This is the first of a two-part article about trouble at your gaming table. I’ve divided my thoughts into two sections: dealing with trouble characters, and dealing with trouble players. I’ll start with trouble characters, since they seem to be so much easier to deal with.
The idea here is that all the players involved (including the GM) are interested in having a good time and can work out their differences amicably. It’s hard to isolate when a character is creating a problem and when a player is creating a problem; usually, the character stems directly from the player, and thus its easy to associate lots of these kinds of issues to stubborn, annoying, or otherwise jerky players.
However, even the best players can inadvertently go wrong and make a character that ends up being too much trouble for a smooth game. I think there are definitely a few archetypes that are troubling, so I’ll talk about how to effectively deal with them. With good, conscientious players, it’s easy to just pull them aside and talk it over and fix any problems that might exist. But we know that not every situation is black and white, not every good player is open to criticism, not every GM is the best communicator in the world, and so on. So let’s dive right in.
What makes a problem character?
This is a difficult question to answer. I want to say something like “doesn’t fit in with the rest of the group” but that’s not really fair to all of the characters out there who are clearly alien and make it work. It’s not about culture, it’s about mindset.
I view the art of roleplaying to be something of a contract between the GM and the players (and to a lesser but still important extent between the players themselves). Whatever the goal of the game is, we must all agree on it. I’d venture that most RPGs are there for fun, however that is defined. Others might just want to get some intense role-playing done, or some tactical combat, or some resource management, or some world-building (which could all be considered subsets of “fun”, and indeed, they are just that). It’s important to note that, while our definitions of what constitutes fun may be differ, we are all here to have fun. If we’re not having it, something has gone wrong.
An essential part of this contract is an understanding between the game creator (usually the GM) and the game player on what generally constitutes a fun game. Usually this is made of some collaborative storytelling; meaningful decisions; and cool, evocative people, places, and things. We agree that the GM is not going to savagely kill the characters, dance them on puppet strings, or railroad them through plots of his or her choosing. We also (should) agree–and I think this is far less common–that the players should not seek to completely sabotage the carefully constructed game world.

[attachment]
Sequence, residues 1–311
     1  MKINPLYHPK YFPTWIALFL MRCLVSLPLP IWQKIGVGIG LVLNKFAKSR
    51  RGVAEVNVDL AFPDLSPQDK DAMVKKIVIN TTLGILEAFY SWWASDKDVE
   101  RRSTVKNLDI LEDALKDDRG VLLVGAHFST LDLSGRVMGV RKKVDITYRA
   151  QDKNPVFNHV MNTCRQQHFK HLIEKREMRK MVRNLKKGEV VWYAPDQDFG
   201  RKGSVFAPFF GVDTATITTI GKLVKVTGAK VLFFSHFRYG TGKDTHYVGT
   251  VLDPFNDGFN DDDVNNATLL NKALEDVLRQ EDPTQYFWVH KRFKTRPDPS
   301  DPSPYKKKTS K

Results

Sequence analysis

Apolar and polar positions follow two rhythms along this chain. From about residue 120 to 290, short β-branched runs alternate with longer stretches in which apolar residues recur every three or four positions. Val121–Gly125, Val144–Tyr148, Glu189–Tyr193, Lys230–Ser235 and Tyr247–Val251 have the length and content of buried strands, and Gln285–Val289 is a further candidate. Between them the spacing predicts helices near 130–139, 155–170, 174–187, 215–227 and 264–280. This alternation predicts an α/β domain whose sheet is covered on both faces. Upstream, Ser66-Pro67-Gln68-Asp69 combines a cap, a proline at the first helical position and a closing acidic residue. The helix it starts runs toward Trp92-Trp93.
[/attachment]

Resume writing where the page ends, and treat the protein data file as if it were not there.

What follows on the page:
Everyone has a different style when creating their games and their worlds. Some folks definitely just show up with a skeleton of an idea and wing everything. Others let the players have a very active role in designing the world. Others still spend hours and hours meticulously conceiving and planning every corner of the game world. I don’t ascribe any favoritism to any of these styles, but I will say that all are legitimate and all can fall prey to the actions of a Trouble Character.
Thus, I would describe the Trouble Character as one who, either purposely or inadvertently, breaks this social gaming contract. If she is causing the game to be less fun for whatever reason, she might be Trouble.
The difficulty with picking Trouble Characters is that the same type of character might not always be Trouble. It’s a matter of how they are played that makes characters with identical backstories and abilities more or less disruptive to the game or the contract. I’ll give a few examples of characters I always find to be troubling.
The One Trick Pony
I call this guy the One Trick Pony because he is exactly that – usually max-minned to be brutally effective at one thing; so effective, in fact, that it completely destroys the semblance of there actually being a game. This is your stereotypical broken character; either inside or outside of the rules, this character has totally obviated one aspect of the game. Maybe he has a Diplomacy check of + 60 at level 5; maybe he does 75 damage per hit; maybe he just can’t be killed.
These characters are officially Trouble, and obviously almost everyone has either played one or been around when one has existed.
I certainly believe that the players running these guys probably are having more fun, because, heck, who doesn’t like turning a room full of Orcs into orcburger in seconds flat? It’s a good feeling to completely dominate your opponents. But to do so at the expense of your other players’ fun and your GM’s fun sends you directly into the land of Trouble.
Not all Max-Mins are the fault of the player, though there certainly are players who seem to always bring these guys to the table. Sometimes you just happen upon a combination that cuts through the current campaign like a hot knife through butter. There are extremely obvious situations as I presented above, but even seemingly innocuous ones can be Trouble. The character who can naturally breathe underwater and act freely in the aquatic campaign might not seem like a trouble character until you realize how much of a struggle it is for the other guys to just be normal. The character who doesn’t have to worry about resource management might not seem like trouble until you’re stranded in the desert and water and food management and conservation become a real big deal.
There’s a very fine line here. You don’t want to penalize a character for being good in certain situations; that’s what makes our characters unique: the ability to excel in certain situations. But we’ve gone too far when one character can simply avoid or make moot multiple challenges through manipulation of the rules. That’s too much and that’s Trouble.